“A small change can make a BIG difference”

An Interview with an AHP Dementia Champion

My name is Tracey Stronach and I’m an Occupational Therapist working in a large acute hospital in Edinburgh.

  1. What do you enjoy most about being an occupational therapist?

 

I’ve always enjoyed working with elderly people and for a number of years have specialised working with this group of people in both acute and rehabilitation hospital settings. When people ask me what I most enjoy about being an Occupational Therapist, I think it’s the difference I can make by identifying the impact of acute and chronic illness on function and safety  and by pro-actively trying to reduce or manage this impact.   My training has enabled me to always see the “bigger picture” and appreciate the effects of the environment and social situation as well as the physical and psychological impact of illness and disability.

  1. Why did you decide to become a dementia champion?

Within dementia care I particularly enjoy using my occupational therapy knowledge to support both the person in hospital and their families and carers at a time when admission to acute care can be distressing. This is especially relevant for a long term condition like dementia, where outcomes are improved with the right environment and a compassionate approach. My role involves identifying services, equipment and adaptations that will improve the quality of life for the person living with dementia and their carer too with the ultimate goal to enable the person to return home.

I was delighted to gain a place on the Dementia Champions programme in 2014, and thoroughly enjoyed my training with colleagues from all over Scotland. Before the course I had read stories of people with dementia who did not experience a good patient journey in acute hospital care.  Gaining skills to help improve the experience of such people was a main driver for me applying.  I was also keen to make sure I knew as much as possible about identifying, and helping reduce, stressed and distressed behaviour in the acute hospital environment.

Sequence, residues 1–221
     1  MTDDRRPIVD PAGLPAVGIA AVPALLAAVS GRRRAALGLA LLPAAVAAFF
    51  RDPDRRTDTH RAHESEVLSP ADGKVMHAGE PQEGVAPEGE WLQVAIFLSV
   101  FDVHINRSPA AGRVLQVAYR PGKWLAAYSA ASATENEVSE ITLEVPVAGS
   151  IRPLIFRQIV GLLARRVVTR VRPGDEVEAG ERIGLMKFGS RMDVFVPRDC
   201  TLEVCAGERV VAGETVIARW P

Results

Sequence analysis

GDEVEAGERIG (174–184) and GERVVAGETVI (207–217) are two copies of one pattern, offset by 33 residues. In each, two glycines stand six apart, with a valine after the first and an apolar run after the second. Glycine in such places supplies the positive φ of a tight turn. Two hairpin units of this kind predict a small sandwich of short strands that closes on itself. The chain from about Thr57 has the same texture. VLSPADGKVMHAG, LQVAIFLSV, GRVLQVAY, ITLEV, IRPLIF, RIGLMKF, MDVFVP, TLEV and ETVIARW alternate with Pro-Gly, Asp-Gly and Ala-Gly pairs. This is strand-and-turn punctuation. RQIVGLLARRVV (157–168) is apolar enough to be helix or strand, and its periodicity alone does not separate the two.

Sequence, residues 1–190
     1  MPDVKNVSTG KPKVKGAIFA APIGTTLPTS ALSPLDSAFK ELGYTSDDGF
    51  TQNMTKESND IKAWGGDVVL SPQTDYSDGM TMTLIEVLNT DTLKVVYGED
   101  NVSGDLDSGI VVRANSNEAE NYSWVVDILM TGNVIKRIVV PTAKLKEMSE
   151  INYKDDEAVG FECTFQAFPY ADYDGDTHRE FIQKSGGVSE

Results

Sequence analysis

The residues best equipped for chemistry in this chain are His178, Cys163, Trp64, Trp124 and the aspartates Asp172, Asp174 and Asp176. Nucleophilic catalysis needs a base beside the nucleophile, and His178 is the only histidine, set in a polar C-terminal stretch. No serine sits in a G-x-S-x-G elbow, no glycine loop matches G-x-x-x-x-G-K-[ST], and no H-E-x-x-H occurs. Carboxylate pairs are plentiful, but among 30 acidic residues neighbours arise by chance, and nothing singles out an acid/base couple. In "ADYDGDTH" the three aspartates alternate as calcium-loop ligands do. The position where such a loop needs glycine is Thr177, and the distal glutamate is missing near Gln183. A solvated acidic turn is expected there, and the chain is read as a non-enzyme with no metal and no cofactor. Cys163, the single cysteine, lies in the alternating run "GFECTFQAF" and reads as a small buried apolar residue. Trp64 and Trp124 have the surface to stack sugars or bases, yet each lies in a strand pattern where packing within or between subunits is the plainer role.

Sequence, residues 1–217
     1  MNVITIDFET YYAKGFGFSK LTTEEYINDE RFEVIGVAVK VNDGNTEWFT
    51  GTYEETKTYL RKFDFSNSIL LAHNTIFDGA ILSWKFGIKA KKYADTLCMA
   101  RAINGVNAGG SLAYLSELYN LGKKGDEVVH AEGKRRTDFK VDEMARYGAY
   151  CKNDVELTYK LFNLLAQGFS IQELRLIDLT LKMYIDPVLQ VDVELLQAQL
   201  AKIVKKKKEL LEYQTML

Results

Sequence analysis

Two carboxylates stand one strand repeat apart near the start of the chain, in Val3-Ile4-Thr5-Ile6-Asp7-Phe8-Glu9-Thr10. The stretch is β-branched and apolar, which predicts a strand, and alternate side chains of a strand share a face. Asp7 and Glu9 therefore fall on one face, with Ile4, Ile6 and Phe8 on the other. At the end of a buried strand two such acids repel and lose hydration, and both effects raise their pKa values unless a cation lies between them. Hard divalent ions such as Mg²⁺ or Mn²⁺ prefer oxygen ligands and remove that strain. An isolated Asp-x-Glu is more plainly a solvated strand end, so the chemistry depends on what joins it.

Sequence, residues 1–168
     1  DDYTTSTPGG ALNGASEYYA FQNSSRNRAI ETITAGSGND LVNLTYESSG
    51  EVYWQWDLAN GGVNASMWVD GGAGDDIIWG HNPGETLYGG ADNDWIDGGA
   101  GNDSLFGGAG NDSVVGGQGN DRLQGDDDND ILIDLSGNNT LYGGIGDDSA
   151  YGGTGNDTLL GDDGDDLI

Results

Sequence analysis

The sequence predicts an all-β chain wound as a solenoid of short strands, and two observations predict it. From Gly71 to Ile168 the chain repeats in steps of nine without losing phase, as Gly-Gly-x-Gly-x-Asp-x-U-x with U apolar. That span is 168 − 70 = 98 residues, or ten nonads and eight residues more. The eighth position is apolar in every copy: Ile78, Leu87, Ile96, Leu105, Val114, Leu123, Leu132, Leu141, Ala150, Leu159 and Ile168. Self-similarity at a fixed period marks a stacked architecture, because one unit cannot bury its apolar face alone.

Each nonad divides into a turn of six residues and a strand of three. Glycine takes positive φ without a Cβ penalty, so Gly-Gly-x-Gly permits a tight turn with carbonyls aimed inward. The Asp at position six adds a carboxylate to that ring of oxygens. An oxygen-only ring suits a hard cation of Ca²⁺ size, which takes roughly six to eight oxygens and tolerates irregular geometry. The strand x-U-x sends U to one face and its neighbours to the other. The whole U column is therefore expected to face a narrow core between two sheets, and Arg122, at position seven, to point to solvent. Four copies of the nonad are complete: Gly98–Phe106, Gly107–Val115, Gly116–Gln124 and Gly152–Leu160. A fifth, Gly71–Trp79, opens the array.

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  1. What aspect of the dementia champion education did you enjoy the most?

As well as the taught sessions, I really enjoyed my community placement, where I joined an afternoon singing group in a local church. It was such a positive way to meet people living well with dementia and their families and carers.  The community setting was a real contrast to my work environment, where I tend to meet people in a crisis situation. It helped put things in perspective and reinforced the impact that the environment has on the person with dementia. This welcoming atmosphere was very respectful and the volunteers treated those attending in a very inclusive, caring and compassionate way. My assignments helped me to reflect on what I had learnt and identified what ideas and learning I could take back to my workplace.

  1. What has been your proudest moment integrating your new learning as a dementia champion in you day job?

At the same time as becoming a Dementia Champion I took part in a course focussing on learning skills to train others in Dementia Awareness.

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Working with other Occupational Therapists, and using the Dementia Skilled – Improving Practice resource, we have run some training sessions for the support staff in our occupational therapy department. The feedback has been very positive and the sessions have generated discussion, reflection and the sharing of ideas.  I think my proudest moments come when I can see that someone has used the information taught to make a positive change in caring for someone with dementia. This could be a practical skill; using more sensitive or up to date terminology; or altering a perception or belief.  The change needn’t be huge – even a small change can make a big difference!

  1. What would you say to your colleagues to encourage them to be a dementia champion too?

I feel very privileged to have completed two major programmes of learning in the field of dementia care. I would recommend anyone to take up the opportunity of training – the more Dementia Champions we have, the better care we can provide for people living with dementia – and their families and carers. I’m sure this is the highest priority for all those who work with people living with dementia.

Final thoughts……

I’d be interested to hear how other Dementia Champions are putting their training into practice.

  • What’s been working well?
  • How do we demonstrate we make a difference to the lives of those with dementia?

 

pic-1-ConvertImageTracey Stronach

Specialist Occupational Therapist – Mobile Medicine of the Elderly Team

@TherapyLimpet

I’m an Occupational Therapist working in a large acute hospital in Edinburgh. I’m part of a mobile Medicine of the Elderly team which involves working with people being treated on non-Medicine of the Elderly wards within our hospital. This brings equity of care to this often vulnerable group of people.

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Interventions for Dementia: Education, Assessment and Support

AHPs join forces with other disciplines